The Harbour Bridge from the Opera Walk, Circular Quay, Sydney. 11 December 2014, Copic Multiliner

The Harbour Bridge from the Opera Walk, Circular Quay, Sydney. 11 December 2014, Copic Multiliner

Back on the bus and through the rain to Canberra. I was jolted awake as a brilliant light shone onto my face – the sun had broken through the clouds. I spent the next half hour enjoying the special sunset effects. This is one I tried to capture on my phablet, an impression of the small scraps of cloud catching the last sunlight.

Cloud study, late afternoon, e-drawing (Photoshop Touch), 11 December 2014

Cloud study, late afternoon, e-drawing (Photoshop Touch), 11 December 2014

Drawn while waiting

Two e-drawings from the past few weeks.
The first drawn waiting for our friend to arrive at Canberra airport. Part of the drawing includes the sculpture ‘Feather’ by New Zealand artist Virginia King.
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King says she was inspired by a lyrebird’s feather.
Some what less inspirational was my wait at the physiotherapist’s. The outlook was out to the rather dour police station and the commercial buildings nearby. My eye was captured by the graphic sign for one of the building’s other occupants.
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E-drawing, the moon clouds and angels wings

This week I’m trying to get back into drawing mode. You wouldn’t think it would be difficult after my holiday when I drew virtually every day. However I seem to¬† find it very easy to be distracted by daily life.

Angel Wings, Phil Price, 2008, exploring the interaction of wind and the structure.

Angel Wings, Phil Price, 2008, exploring the interaction of wind and the structure.

I started with a challenge, to draw the kinetic sculpture, ‘Angel Wings’, 2008, by the New Zealand artist Phil Price. OK it was a a bit of an ask to draw a sculpture that was moving in the breeze. I had my phablet with me, so I drew in Photoshop Touch. The time I spent watching the sculpture move in dips and unexpected angles around it’s gimbels was quite mesmerising.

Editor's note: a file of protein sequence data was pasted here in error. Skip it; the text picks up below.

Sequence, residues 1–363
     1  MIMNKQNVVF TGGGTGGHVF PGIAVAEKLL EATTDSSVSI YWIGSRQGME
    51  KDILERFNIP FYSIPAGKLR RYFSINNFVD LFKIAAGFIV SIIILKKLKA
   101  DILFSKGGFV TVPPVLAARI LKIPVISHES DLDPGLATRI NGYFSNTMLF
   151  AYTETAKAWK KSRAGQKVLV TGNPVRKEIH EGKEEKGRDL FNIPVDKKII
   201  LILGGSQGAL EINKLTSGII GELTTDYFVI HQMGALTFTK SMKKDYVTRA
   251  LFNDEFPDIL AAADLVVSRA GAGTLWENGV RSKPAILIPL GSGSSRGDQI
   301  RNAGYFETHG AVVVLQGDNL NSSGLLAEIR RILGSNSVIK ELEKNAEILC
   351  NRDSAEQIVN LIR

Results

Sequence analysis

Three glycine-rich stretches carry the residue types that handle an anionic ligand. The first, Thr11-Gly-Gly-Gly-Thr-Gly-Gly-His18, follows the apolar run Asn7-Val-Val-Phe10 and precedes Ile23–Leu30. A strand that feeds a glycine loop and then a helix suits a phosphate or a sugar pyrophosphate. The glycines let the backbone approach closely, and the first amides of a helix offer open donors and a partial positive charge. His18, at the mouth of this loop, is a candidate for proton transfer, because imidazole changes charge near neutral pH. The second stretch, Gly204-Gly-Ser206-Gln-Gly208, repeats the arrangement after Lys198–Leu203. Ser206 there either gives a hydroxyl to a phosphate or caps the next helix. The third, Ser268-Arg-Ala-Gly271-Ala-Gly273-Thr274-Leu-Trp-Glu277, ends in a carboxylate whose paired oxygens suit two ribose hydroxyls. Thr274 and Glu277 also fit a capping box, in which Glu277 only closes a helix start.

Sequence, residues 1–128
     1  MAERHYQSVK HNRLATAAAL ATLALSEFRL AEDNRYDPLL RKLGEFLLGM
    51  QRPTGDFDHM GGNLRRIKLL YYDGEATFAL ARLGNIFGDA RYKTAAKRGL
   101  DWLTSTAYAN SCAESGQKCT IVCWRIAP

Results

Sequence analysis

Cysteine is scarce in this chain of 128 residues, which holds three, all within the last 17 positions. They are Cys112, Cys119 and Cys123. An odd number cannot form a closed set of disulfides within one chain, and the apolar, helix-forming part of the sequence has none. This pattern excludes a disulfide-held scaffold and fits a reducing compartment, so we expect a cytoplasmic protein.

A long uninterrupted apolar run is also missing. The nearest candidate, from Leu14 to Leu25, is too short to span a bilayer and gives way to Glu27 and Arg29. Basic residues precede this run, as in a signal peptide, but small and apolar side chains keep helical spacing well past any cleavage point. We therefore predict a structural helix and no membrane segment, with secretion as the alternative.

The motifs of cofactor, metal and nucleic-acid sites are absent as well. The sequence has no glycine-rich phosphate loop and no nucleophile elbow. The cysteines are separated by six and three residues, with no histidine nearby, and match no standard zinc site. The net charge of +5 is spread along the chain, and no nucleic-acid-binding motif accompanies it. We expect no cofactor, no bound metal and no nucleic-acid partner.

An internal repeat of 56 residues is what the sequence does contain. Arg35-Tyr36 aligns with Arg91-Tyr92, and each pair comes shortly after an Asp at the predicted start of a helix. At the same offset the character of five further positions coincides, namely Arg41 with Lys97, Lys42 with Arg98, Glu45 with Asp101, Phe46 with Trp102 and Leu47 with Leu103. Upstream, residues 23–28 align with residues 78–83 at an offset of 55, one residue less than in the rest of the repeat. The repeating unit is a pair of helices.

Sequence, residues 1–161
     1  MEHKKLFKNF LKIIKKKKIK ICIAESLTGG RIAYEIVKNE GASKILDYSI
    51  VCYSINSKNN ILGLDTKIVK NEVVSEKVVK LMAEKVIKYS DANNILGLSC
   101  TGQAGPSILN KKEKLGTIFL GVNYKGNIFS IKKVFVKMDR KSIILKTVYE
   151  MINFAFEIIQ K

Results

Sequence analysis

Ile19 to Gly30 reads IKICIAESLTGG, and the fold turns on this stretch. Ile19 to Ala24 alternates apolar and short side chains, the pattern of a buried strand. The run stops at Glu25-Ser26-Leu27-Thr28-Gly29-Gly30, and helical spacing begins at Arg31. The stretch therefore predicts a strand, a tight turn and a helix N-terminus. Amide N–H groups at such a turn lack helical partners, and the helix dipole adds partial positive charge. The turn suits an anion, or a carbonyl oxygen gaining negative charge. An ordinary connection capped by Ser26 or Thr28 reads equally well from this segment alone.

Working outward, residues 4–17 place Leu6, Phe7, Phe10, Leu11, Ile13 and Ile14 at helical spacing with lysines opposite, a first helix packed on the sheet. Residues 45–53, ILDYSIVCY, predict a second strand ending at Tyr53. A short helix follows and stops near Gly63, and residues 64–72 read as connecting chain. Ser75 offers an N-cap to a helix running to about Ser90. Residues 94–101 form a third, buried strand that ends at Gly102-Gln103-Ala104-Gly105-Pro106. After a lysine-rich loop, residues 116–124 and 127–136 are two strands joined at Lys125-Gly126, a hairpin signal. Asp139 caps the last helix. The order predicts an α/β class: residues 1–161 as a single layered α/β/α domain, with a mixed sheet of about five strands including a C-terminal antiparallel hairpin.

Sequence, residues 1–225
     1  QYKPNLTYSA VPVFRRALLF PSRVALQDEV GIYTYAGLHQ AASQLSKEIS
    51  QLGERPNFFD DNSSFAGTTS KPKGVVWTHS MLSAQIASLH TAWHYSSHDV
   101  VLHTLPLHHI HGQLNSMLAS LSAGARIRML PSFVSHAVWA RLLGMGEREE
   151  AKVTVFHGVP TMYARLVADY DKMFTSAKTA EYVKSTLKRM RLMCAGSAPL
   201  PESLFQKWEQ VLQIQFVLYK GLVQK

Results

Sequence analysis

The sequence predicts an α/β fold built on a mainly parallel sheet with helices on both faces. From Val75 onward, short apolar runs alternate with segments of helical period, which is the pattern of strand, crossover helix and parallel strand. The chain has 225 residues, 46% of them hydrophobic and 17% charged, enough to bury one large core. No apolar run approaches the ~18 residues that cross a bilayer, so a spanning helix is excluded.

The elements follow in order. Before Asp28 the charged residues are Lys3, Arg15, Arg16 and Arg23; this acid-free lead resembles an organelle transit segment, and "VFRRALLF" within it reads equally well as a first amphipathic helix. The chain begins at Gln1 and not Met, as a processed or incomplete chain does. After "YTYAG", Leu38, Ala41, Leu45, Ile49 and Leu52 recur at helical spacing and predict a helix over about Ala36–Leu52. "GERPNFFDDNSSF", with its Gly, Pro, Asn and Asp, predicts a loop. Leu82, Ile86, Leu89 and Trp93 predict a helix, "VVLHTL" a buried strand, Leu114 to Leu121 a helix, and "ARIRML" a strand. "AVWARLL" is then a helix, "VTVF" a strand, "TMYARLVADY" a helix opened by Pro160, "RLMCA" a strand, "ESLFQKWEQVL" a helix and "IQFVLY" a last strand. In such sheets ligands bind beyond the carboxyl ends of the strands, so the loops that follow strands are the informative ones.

The next day also involved drawing movement, thankfully a bit slower. In the mid morning a half moon was sitting behind a foreground of high cloud and airplane contrails. Once again I used the Photoshop Touch program to do myo drawings.

Moon cloud and contrails, 22 May 2014.

Moon cloud and contrails, 22 May 2014.

I did a second drawing as the clouds moved and the contrail dipersed.

Moon, clouds and contrail, 22 May 2014.

Moon, clouds and contrail, 22 May 2014.

Tokyo sketches

I realised I hadn’t done any sketches recently, so today I managed several quick drawings. All were done on my ‘phablet’. I have also been drawing in my travel diary but I have no easy way of posting those images yet.
First up a view out of the window of the popular clothing shop Uniqlo, in Ginza, looking down to a construction site next door.

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Past the clothing display down to the construction site

The next was a man sitting across from us when we were having lunch. And as a random piece of trivia, Muhammed Ali ate at this same tiny restaurant in 1972.

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On the way back to our accommodation, something we see everyday, people asleep on the train.

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I will upload more of my holiday sketches when I get back home and can scan them properly.

Pots

On our last night in Kanazawa we had a fantastic dinner at the Uo-yaki Itaru izakaya (a type of small bar which also serves food). We had a range of yummy food including sashimi, octopus, duck and tempura. I even had to stop drawing so I could enjoy my dinner!
Here is a collection of pots that were sitting just in front of us.

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Pots on the counter

There was a stovepipe going across the back of the range, a bit of an odd arrangement.